Wendell Wood Wants a Walmart

Developer Wendell Wood is upset. He bought a big chunk of rural land—meaning that he can’t develop it, which he’s known since before he bought it—but he had Walmart sign a contract to build a new store there. And then the county wouldn’t let him because, again, it’s zoned rural. He claims Walmart offered a “minimum of $8 million to $9 million…to do what’s called ‘at-site work,'” which Wood implies would have gone entirely to help cover the $25M bridge and road that would be necessary to even get to his parcel. Where is this land? Why, it’s right next to Walmart—on the other side of Sam’s Club, just across the river. Why build another Walmart by the old one? Because they want to replace the old one with a bigger one, leaving the old shell behind. Wood says he’d take over the current location, but one look at Albemarle Square will tell you there’s not a lot of demand for existing big-box stores. So why would anybody support this? Because the Places29 plan calls for building roads parallel to 29, including extending Berkmar, the road in question, and if Walmart could actually toss in $8M-9M towards the cost of road construction, that would be good to get. Brandon Shulleeta dug up all of this for the Daily Progress, and I think it’s got the potential to prove to be a big story. He tried to get Walmart’s side of this, but they’re not talking, so this information is all coming from Wood.

If this all sounds a bit familiar, Wood pulled something very similar a few years ago on the NGIC land, just a bit farther up 29, and successfully got the BoS to agree to convert 30 acres of rural land into develop-able land—which, to date, they have not acted upon—which would turn nearly valueless woodland into a multi-mullion-dollar parcel with a prime location, backed up by phone call to Ken Boyd (who won’t say who he talked to) saying that NGIC would pack up and leave town if the county didn’t go through with the deal. Much like Walmart, NGIC wasn’t willing to talk to the press about those claims, either.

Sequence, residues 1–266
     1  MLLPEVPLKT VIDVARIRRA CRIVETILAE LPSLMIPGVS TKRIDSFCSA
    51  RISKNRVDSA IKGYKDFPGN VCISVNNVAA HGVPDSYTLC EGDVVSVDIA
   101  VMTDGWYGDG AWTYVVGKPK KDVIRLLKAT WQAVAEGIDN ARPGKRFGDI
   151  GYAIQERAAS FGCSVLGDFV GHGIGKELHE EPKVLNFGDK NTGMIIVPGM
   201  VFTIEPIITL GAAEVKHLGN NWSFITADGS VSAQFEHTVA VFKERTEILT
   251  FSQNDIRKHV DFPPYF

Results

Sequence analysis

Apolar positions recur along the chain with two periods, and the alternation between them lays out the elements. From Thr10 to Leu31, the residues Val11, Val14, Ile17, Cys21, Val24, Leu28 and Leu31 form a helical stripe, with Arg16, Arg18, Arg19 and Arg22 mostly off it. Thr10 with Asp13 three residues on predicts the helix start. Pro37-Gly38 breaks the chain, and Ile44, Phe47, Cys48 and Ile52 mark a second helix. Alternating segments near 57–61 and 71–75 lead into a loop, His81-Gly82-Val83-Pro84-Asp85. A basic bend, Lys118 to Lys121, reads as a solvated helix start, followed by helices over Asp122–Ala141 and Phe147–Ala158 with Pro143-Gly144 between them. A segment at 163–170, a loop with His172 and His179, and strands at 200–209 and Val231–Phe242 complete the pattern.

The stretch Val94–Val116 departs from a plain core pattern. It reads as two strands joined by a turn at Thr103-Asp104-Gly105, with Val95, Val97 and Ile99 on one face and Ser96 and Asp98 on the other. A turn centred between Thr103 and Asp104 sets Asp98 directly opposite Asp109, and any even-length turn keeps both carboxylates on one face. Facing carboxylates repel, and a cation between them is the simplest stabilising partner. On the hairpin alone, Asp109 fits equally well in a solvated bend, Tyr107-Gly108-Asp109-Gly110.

You’d think that this would be the end of it, but BoS member David Slutzky is apparently on Wood’s side, Shulleeta writes, working to designate Wood’s land as developable. (Want to build a new house for your grandkid on your rural land? You’re out of luck. Wendell Wood wants to put in a Walmart? Come on down!) Given the lack of funding for new transportation infrastructure, it looks like all of this is academic anyhow. Whether $25M or $250M, there’s just no money to build roads or bridges.

28 Responses to “Wendell Wood Wants a Walmart”


  • Thanks for posting this – and thanks to Brandon and the DP for actually researching and publishing this. I drive past this spot every day and have been wondering what was going on. There is a for sale sign but the amount of work that has been going on has been staggering so I knew there was probably a deal already made. With the traffic problems on 29 and the status of the Meadowcreek Parkway up in the air, we would really be living in crazy land if a new Walmart is built across from the existing Walmart. Then again, maybe Circuit City needs room to expand.

  • Lisa, that’s not the site for the proposed Walmart. That’s a different development.

    The proposed site is across Rivanna River towards the Target area. (Like across 29 from Hollymead, not on the same side of 29 as Hollymead.) Make sense?

  • Thanks Questor – although now I have a need to know what the plan is for the spot across from the existing Walmart. Wendell Wood is the Lorax.

  • What’s the WALMART slogan? Save Money, Live Better? I’m all for saving money, but that don’t sound like living better for those in the way.

  • Lisa: I believe it was originally planned to be a Home Depot… but couldn’t get the development plans past the supers (some water issue or critical slopes issue or something). Now, I think they said it’s going to be a hotel, a bank, and a restaurant (all TBD, I believe).